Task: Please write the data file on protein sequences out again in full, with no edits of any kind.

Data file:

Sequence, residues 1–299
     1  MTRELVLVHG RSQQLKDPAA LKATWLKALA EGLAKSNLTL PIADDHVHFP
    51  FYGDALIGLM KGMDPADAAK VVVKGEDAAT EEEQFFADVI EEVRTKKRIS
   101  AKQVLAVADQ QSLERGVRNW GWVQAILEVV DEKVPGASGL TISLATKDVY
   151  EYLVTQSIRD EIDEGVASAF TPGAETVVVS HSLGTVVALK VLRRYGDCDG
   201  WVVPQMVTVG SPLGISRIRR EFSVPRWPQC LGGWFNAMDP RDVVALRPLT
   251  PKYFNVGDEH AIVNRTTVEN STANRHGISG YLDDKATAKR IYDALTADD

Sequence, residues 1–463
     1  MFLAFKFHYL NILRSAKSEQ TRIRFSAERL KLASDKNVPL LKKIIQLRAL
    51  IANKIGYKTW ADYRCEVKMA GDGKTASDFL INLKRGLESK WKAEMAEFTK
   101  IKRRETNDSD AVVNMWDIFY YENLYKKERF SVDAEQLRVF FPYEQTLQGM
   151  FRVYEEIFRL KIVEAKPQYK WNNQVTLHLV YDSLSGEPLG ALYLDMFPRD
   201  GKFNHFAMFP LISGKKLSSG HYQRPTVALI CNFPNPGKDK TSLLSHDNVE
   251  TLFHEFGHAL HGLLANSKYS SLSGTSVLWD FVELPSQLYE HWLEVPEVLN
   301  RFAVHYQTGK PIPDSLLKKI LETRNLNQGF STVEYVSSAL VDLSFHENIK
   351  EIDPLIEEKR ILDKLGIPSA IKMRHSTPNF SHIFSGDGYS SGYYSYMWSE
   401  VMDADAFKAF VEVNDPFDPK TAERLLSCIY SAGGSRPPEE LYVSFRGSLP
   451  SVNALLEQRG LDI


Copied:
Sequence, residues 1–299
     1  MTRELVLVHG RSQQLKDPAA LKATWLKALA EGLAKSNLTL PIADDHVHFP
    51  FYGDALIGLM KGMDPADAAK VVVKGEDAAT EEEQFFADVI EEVRTKKRIS
   101  AKQVLAVADQ QSLERGVRNW GWVQAILEVV DEKVPGASGL TISLATKDVY
   151  EYLVTQSIRD EIDEGVASAF TPGAETVVVS HSLGTVVALK VLRRYGDCDG
   201  WVVPQMVTVG SPLGISRIRR EFSVPRWPQC LGGWFNAMDP RDVVALRPLT
   251  PKYFNVGDEH AIVNRTTVEN STANRHGISG YLDDKATAKR IYDALTADD

Sequence, residues 1–463
     1  MFLAFKFHYL NILRSAKSEQ TRIRFSAERL KLASDKNVPL LKKIIQLRAL
    51  IANKIGYKTW ADYRCEVKMA GDGKTASDFL INLKRGLESK WKAEMAEFTK
   101  IKRRETNDSD AVVNMWDIFY YENLYKKERF SVDAEQLRVF FPYEQTLQGM
   151  FRVYEEIFRL KIVEAKPQYK WNNQVTLHLV YDSLSGEPLG ALYLDMFPRD
   201  GKFNHFAMFP LISGKKLSSG HYQRPTVALI CNFPNPGKDK TSLLSHDNVE
   251  TLFHEFGHAL HGLLANSKYS SLSGTSVLWD FVELPSQLYE HWLEVPEVLN
   301  RFAVHYQTGK PIPDSLLKKI LETRNLNQGF STVEYVSSAL VDLSFHENIK
   351  EIDPLIEEKR ILDKLGIPSA IKMRHSTPNF SHIFSGDGYS SGYYSYMWSE
   401  VMDADAFKAF VEVNDPFDPK TAERLLSCIY SAGGSRPPEE LYVSFRGSLP
   451  SVNALLEQRG LDI